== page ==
Less than an hour and a half north of the Wisconsin State Capitol, between Montello to the west, and Ripon to the east, past a number of Trump signs, a green “Princeton: Population 1267” marker, and a giant chicken atop a shed with the word “Liberty” painted on the side, you will find a surprising host of handsome, Wisco-hip businesses.
The primary visionary behind these hidden gems is Matthew Trotter (Matt to his friends, and no relation to Charlie). Before he made his place, growing up in rural Princeton had some challenges for Trotter. He was different from most of his peers, as he was heavily into art and music. It turns out those are precisely the interests that have made him the success he is today.
For Trotter, as for many creatives, age is just a number, and from a young age he forged friendships with cool people who brought funky businesses to town, places like Twister and Mimi’s, for example, whose proprietors employed and mentored Trotter, valuing him for who he is, since he was 15 years old. Many are familiar with what it feels like to be outside the mainstream during those adolescent years, but as Trotter knows, “It gets better.”
Return to Rural Roots
According to Trotter, his mother thought that of all her four children, he would be the first one to move as far away as possible. Instead, his siblings have all relocated elsewhere, and he is the one who returned home after college to re-establish roots in the area.
Trotter attended UWM where he primarily focused on art and design, beginning with film then exploring fiber arts, jewelry, and graphic design. He studied under esteemed fiber artist, Kyoung Ae Chow, jewelry and metalsmithing professor Yevgeniya Kaganovich, and many other important Wisconsin teaching artists. He learned a lot in Wisconsin’s biggest city, and in 2012 moved back to his hometown to start his first business, a retail store he named Teak & Soxy.
Trotter is somewhat of a contemporary regionalist, using his artistic talent to celebrate the return to rural and to highlight Wisconsin’s agricultural and industrial roots. He makes small town living look highly inviting and effortless—even enviable. He disputes the stereotype that small towns are inhospitable to LGBTQ folks. In the spaces he manages, all are welcome. Trotter’s skilled training, strong sense of place, and close friendships are proving to be a winning combination. The resulting businesses that he has established over the last 10 years (especially with the boost that bringing on new business partners, Alex and Sarah Pearsall, gave them) are a perfectly curated, comfortable, eclectic, and versatile mix of spaces and functions that are tough to describe.
Remember the queer owned and run “Rose Apothecary” in the sitcom Schitt’s Creek? That store could have been inspired by Trotter’s business model. In one scene, Schitt’s Creek character David Rose, played by Dan Levy, explains why he will succeed running a store where others have failed. David boasts that it is because he is, “Someone with faultless taste who understands what people want and need.” The same could be said for Mathew Trotter, though to be clear, he opened his first retail space long before Schitt’s Creek was even a fragment in Dan Levy’s imagination.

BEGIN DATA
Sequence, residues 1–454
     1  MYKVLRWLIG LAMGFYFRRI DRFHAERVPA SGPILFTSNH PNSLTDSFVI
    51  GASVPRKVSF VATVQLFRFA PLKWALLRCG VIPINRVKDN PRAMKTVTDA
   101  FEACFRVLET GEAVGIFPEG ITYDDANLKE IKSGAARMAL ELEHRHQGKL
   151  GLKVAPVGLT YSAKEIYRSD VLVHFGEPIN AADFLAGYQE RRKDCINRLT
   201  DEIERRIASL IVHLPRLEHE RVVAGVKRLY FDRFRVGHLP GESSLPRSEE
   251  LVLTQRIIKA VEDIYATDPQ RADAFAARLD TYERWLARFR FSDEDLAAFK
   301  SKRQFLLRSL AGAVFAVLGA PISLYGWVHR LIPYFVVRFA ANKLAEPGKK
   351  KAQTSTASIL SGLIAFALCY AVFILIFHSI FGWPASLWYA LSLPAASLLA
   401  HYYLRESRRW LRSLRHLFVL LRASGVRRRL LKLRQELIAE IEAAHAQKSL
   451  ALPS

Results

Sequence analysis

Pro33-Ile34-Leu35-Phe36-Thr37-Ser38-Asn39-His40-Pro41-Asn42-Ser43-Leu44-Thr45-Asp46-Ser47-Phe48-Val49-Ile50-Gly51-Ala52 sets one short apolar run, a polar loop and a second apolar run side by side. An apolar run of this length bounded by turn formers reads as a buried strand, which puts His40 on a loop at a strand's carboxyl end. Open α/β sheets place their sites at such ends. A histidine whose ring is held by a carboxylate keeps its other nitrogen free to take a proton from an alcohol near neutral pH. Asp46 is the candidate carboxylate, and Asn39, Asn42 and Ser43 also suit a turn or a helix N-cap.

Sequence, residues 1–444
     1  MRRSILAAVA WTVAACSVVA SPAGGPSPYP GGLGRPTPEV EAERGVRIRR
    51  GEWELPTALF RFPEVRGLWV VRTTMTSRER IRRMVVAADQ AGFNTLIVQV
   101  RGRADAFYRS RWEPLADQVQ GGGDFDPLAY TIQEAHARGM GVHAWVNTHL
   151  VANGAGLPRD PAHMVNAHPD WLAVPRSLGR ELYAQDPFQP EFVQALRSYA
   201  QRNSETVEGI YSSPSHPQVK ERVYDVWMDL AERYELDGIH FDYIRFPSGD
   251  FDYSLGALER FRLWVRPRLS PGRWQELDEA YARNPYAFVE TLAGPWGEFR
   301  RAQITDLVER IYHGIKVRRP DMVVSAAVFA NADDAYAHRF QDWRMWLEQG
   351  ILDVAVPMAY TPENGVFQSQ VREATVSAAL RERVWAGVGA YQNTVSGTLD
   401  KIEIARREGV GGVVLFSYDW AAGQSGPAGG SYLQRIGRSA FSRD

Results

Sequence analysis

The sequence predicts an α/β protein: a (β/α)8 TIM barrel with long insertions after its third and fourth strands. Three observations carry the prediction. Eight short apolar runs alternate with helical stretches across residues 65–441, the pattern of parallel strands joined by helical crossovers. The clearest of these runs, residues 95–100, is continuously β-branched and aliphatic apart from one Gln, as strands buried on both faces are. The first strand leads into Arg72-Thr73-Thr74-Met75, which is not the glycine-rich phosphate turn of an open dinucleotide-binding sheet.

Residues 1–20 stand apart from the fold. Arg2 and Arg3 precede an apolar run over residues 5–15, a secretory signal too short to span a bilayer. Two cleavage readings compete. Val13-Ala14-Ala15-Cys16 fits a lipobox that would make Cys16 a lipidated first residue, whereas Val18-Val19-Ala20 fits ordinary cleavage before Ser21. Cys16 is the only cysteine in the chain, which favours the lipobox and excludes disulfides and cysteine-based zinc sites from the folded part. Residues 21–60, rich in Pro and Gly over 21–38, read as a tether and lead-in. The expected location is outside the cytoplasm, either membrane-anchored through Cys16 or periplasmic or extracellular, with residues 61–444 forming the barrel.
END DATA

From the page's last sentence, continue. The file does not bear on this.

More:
To continue borrowing the fictional “Rose Apothecary” as a metaphor for Trotter’s conglomeration of businesses, at one point David Rose’s boyfriend, Patrick Brewer, a character played by Noah Reid, is helping David fill out the paperwork for a loan that calls for a “brief description of the business.” David replies, “It’s a general store, but it’s also a very specific store. It is also not just a store. It is also a place where people can come and get coffee or drinks, but it’s not a coffee shop, nor is it a bar.” He goes on to say, “It’s an environment, and yes, we will be selling things, but it’s more like a branded immersive experience.”
“Branded immersive experience” is a perfect description for Mathew Trotter’s budding emporium which includes retail, food, performance space, and lodging. The combo forms a lux, queer-friendly oasis smack dab in the middle of rural Wisconsin. At 505 W. Water St., Horseradish Kitchen + Market (K+M), Teak & Soxy, and The Merchant Room are a restaurant/summer music venue, retail space, and Airbnb, respectively. They are all on the south side of the road, abutting a horseshoe curve in the Fox River. Across the street, at 544 W. Water St., The Parlor Hotel, is a small, freshly renovated, boutique hotel that can accommodate 16 people for overnight lodging, and far more in the multi-purpose parlor.
Teak & Soxy, the charming retail space Trotter opened in 2012, is now being absorbed into Horseradish K+M, but those who knew Trotter when he began that first business, know the distinction. Now occupying a small white storefront between the restaurant and a neighboring property, the small but mighty Teak & Soxy hits the spot for those who desire aromatic candles and handcrafted goods from independent makers and designers. The merch’s contemporary palettes add to the appeal for people who follow current trends and those whose tastes, preferences, values, and lifestyles lean unconventional.
Horseradish, opened in May of 2018, has a similar lush vibe. What started in 2015 as the cutest little yellow awning-clad food truck serving specialty sandwiches, evolved into a bricks-and mortar-restaurant with a full kitchen when Alex Pearsall came on board and brought with him the Chicago-based architectural firm Filoramo Talsma. As soon as you enter, you are greeted by a distractingly large Jim Dine print of Pinocchio. A striking art collection by a variety of artists abounds, from Manlio Guberti-Helfrich, a highly exhibited Italian modernist, to the works of Wisconsin-connected artists such as Maura Koutoujian, Raphael Salas, and Lauren Paradise (LP), all personal friends or acquaintances of Trotter’s.